“Ultimately if Health Canada then does transparent and good work, hopefully they can reconsider the current regulatory framework, and then create a framework where harms are actually reduced, rather than have this framework in which I believe harms are being maximized.”

In their emailed statement to The Tyee, the Health Canada spokesperson said the federal department is responsible for upholding Canada’s Food and Drugs Act, which can include recommending charges against sellers. However, so far Health Canada has not recommended criminal charges against anyone caught selling or distributing poppers in Canada.

“The primary objective of Health Canada’s compliance and enforcement approach is to manage the risks to Canadians using the most appropriate level of intervention,” the statement read. Risk management steps include seizure or recall of products and advertising materials, site visits, and public education campaigns.

The Tyee reached out to Health Canada for comment on their classification of and in-effect crackdown on alkyl nitrites. Citing email issues, the federal department has yet to provide a response. The Tyee will update this story when we receive one.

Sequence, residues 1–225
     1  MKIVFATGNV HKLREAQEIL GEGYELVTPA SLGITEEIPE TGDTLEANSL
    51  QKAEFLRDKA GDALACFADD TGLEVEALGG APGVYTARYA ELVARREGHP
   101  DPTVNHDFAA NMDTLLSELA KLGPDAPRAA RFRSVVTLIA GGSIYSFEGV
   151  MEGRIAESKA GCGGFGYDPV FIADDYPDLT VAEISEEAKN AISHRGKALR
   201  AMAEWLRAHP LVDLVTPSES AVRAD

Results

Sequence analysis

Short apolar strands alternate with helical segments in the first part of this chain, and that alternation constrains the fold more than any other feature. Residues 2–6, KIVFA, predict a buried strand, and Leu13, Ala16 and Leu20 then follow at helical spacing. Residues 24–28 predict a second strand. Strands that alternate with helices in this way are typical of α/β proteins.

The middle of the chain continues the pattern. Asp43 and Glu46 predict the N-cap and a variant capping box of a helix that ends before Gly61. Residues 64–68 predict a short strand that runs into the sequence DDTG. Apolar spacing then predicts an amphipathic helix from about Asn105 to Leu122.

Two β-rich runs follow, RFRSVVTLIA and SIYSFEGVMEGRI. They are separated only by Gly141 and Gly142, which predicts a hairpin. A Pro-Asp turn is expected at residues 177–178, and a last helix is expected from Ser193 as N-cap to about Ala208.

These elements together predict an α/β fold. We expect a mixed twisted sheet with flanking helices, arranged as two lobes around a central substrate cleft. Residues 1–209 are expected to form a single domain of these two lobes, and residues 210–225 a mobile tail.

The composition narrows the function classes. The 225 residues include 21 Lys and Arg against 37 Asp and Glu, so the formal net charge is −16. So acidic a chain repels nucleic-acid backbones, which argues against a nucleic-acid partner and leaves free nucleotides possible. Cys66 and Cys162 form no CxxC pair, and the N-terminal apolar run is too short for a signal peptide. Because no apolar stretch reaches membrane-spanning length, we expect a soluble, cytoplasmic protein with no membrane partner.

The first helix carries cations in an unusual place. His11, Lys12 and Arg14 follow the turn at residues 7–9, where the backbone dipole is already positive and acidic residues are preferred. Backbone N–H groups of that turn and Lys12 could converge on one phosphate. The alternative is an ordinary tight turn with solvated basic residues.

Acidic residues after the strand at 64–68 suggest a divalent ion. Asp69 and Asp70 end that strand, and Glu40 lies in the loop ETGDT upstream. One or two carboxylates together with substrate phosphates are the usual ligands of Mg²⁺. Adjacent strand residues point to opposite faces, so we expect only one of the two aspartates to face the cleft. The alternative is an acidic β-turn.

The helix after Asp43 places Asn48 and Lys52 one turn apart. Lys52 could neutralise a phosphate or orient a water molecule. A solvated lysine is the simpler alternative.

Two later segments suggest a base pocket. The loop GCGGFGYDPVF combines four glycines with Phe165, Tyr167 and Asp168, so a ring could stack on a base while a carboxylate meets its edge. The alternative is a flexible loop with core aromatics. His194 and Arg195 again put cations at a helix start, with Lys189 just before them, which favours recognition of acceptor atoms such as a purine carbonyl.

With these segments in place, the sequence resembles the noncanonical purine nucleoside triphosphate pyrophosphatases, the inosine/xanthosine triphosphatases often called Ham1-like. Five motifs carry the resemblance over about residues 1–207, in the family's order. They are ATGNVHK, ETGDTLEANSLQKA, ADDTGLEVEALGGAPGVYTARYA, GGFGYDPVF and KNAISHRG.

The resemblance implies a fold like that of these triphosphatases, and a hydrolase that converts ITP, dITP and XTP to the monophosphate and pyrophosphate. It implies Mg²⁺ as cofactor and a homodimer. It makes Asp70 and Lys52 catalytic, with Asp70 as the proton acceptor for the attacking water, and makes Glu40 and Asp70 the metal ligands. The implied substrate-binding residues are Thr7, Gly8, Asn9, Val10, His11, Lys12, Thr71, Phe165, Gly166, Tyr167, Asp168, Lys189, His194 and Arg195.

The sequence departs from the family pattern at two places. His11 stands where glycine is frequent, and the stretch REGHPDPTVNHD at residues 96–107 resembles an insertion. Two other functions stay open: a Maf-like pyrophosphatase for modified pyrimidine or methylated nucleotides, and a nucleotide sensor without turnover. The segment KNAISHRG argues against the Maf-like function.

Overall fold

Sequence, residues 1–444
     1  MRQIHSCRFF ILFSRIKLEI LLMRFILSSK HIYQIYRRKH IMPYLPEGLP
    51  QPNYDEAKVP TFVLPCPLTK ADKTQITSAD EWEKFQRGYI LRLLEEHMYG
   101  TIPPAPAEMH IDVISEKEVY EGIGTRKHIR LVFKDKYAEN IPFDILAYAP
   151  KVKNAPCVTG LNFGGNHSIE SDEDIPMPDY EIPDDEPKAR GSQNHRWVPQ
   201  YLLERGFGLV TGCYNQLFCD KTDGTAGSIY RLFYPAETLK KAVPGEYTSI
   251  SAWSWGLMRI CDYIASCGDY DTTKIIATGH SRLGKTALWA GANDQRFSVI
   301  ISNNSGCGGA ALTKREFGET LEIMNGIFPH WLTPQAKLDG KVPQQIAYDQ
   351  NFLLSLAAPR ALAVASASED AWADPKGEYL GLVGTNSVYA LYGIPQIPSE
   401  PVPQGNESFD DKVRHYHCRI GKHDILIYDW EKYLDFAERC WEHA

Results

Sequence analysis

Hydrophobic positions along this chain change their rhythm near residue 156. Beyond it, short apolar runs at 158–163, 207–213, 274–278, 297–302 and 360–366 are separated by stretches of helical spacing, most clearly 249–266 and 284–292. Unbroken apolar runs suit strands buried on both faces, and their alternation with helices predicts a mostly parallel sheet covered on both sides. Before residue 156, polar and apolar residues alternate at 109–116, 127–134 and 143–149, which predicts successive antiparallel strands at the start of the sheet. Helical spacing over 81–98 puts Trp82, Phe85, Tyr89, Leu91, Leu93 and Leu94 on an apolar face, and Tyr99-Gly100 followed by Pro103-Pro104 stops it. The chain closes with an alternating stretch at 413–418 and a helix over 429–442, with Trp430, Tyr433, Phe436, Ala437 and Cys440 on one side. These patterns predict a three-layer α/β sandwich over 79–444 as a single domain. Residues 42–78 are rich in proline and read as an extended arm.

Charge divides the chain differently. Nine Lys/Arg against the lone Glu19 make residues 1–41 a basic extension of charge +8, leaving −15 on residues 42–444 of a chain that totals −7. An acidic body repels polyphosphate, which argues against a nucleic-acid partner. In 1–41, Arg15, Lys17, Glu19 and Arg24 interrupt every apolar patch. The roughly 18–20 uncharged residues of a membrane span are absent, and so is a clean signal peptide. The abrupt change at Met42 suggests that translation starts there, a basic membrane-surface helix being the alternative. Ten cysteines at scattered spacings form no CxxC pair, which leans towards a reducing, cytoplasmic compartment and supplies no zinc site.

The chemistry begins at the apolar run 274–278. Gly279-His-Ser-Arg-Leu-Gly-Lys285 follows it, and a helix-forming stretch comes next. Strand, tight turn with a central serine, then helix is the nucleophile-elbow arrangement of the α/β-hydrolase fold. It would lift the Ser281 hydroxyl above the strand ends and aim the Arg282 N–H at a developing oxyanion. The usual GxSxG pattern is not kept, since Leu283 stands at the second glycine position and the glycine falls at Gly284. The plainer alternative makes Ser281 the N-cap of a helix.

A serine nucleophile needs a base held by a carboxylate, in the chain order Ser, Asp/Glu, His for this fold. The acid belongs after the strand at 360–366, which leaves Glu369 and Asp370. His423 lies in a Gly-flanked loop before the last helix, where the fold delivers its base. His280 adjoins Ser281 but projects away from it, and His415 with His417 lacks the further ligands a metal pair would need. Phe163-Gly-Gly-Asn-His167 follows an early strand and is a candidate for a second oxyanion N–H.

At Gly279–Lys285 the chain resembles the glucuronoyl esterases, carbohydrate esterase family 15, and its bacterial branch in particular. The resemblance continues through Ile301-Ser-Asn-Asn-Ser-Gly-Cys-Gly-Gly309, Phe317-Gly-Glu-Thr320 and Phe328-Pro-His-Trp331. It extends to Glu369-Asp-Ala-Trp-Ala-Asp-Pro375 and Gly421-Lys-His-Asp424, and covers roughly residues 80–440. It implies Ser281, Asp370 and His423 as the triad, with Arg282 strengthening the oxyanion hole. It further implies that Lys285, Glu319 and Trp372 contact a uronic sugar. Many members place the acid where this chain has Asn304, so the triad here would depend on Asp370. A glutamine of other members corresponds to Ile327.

Despite his adverse experience, Tooley, whose eyesight eventually recovered, reduced his poppers use but has not stopped altogether.

Tooley now works as advancement and evaluation director of Community-Based Research Centre, a non-profit charity promoting participatory research on gay men’s health including an annual gay men’s health survey with questions about poppers use. He argues both the government and users should weigh the risks of poppers against their positive impacts.

For instance, when Tooley worked as an HIV tester and counsellor in Toronto over a decade ago, he noticed from conversations with men he counselled — as well as his own experience — that poppers helped facilitate condom use.

“I had always noted that specifically anal sex was more difficult when a condom was used, just because latex is a different texture. And usually when the condom is used, the sex has to be quicker because it’s not as easy for someone to maintain their erection with a condom,” said Tooley of anal sex without poppers.

“If the person that I was counselling was already using poppers and we were exploring ways they might facilitate using condoms... poppers were one tool.”

But if Health Canada doesn’t change its stance towards poppers, including queer men in the conversation about alkyl nitrites’ risks and rewards, Tooley and Knight say the national health regulator won’t find usage dropping.

Rather they are more likely to see an increasing number of queer men upping risky behaviour and experiencing vision loss from using black-market poppers.

*Correction: story previously reported Health Canada refused to grant authorization for selling alkyl nitrites a.k.a. “poppers.” Updated to reflect Health Canada’s response that they have not received any submissions to sell alkyl nitrites in Canada.  [Tyee]

Read more: Health, Gender + Sexuality